Backup using Apple AirPort Time Capsule
Apple AirPort Time Capsule is an immensely interesting hybrid device. It prepares one part of the backup on an external hard drive and other parts over the Wi-Fi router configured storage device. This thing really makes backups go smart as the user’s device will not need to be connected to the subjected storage device via any wired connection. However, the process to set up the Time Machine with the AirPort Time Capsule is quite different from the above-mentioned backup method.
In order to configure this on the subjected Mac device, open the system preferences in the mac’s dock and select the Time Machine icon. Once windows get opened, select the backup drive where you want to manage the backups. However, if the user sees that his or her desired storage device or location is not showing up, then click “AirPort Time Capsule” or any other visible options to select the desired one. Furthermore, the user can also encrypt the disk to prevent any sort of digital menace. From there on, a backup will commence. A user can also enable the option of “Show Time Machine in menu bar”, to see the progress of the backup or can keep it disable too.
Generally, the Time Machine offers the following two broad types of backup schedules.
Initial backup will be the first and autonomous sort of backup. As soon as Time Machine is configured, each and every system files and other files on the Mac device will be backed up. This does not mean that the Mac device won’t be able to multi-task, instead, the user may continue to use Mac while initial backup will continue in the background.
There is just one tip that during initial backup, don’t turn off the Mac device so that the Time Machine properly captures all of the data present in the device. A notification will appear on the screen, once the initial backup is completed.
For the AirPort Time Capsule users, it is recommended to use Ethernet cable between the mac’s ethernet port and the Time Capsule’s ethernet port.
As soon as the initial backup is done, Time Machine will efficiently backup the data on an hourly basis and calls it hourly backups. It even shows the status of the backup by showing different visualization over the Time Machine icon. If something goes wrong, then the user can easily detect it from the embossed warning sign in its icon.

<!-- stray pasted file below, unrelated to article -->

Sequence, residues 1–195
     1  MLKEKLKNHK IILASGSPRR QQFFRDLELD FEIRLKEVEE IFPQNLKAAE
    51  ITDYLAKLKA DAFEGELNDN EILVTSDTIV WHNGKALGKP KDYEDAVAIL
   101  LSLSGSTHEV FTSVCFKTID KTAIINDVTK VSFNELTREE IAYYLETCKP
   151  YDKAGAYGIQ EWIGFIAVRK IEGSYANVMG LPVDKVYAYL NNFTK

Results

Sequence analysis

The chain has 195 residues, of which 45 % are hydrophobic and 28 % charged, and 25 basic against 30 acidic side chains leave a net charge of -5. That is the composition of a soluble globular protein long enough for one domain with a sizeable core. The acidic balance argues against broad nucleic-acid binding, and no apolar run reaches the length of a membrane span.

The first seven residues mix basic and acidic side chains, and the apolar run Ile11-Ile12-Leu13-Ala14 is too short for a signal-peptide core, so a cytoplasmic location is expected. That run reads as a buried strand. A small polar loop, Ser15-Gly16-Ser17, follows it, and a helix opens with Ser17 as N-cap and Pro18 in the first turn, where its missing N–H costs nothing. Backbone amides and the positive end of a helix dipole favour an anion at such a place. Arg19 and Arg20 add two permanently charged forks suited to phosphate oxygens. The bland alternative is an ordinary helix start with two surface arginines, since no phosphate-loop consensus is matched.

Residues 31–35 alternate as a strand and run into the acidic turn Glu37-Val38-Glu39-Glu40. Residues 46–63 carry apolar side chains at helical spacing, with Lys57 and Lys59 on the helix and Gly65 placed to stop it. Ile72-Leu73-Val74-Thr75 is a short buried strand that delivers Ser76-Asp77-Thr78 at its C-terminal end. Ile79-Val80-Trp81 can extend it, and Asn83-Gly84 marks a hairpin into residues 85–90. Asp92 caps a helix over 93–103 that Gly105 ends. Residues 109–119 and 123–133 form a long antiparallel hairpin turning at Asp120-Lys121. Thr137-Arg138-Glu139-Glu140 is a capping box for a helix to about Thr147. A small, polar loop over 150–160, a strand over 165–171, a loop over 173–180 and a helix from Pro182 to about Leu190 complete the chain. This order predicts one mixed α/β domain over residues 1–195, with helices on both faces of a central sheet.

Furthermore, if the user feels that he or she needs instant backup, then Time Machine can manually be called on. For this, by clicking on the “Backup Now”, a backup will commence instantly.
Generally, everyday backups are taken as if long term backups are not offered by the Time Machine. But in reality, it is the initiating point of the long-term backups. These daily backups make up for the weekly backups, which will further make up monthly backup. This may span over year-long backups as long as storage space remains sufficient.
Data Restoration using Time Machine
The sole purpose of having a data backup is just to make data recoverable in case of any disaster. Time Machine provides complete restoration feasibility in case of data corruption, complete system loss or data gets accidental delete.
In order to initiate the restoration process, switch to the Finder and choose “Enter Time Machine”. Once Time Machine is opened, a timeline showing backup dates and times will be shown on the right side of the window. To restore a certain point in time, click on the appropriate timeline and see if it is what you are looking for?
In case, a user is not sure about the specific date and time, then he or she can go to past backups using an upper arrow key. Once the designated folder or file is reached, stop at that point in time. Furthermore, a user can also reach a specific point in time, if he or she is sure of the file’s name.
Once the aspired file or folder has been located, just select it and click on the “Restore files” button. If a user is not sure if it is the right version, then he or she may use “Quick Look” by pressing the space bar, after selecting the file.
Once a file has been restored, then it might be copied to either desktop or might have been restored to the parent folder. Time Machine is a very smart utility as this smartness continues to embed even during the restoration process. If it notices that another file also exists with the same name, then it either suggests the user keep one of them or keep both. Furthermore, the user may also explore other options by right-clicking the subjected file.
How useful is Time Machine Backup?
Who does not want a solution which should be the jack of all trades? Indeed, everyone needs it, and this is what Time Machine gets to comply with. Not only it is a backup utility, but it is also a restoration utility. Furthermore, it does not let Mac users rely on any third-party backup and restoration vendor.
Apple is known for the reliability and versatility of its products. This proves to be real when it comes to Time Machine. It lets the user backup and restore data without any hassle. Embedding of intelligence and smartness makes it extremely useful to prepare data backups.
From the abundance of storage destination choices to smart backups and user-customized backup schedules, Time Machine is nothing but a one-stop backup and restoration solution for Mac users. All these characters make Time Machine stand out as an extremely beneficial and useful backup utility for Mac users.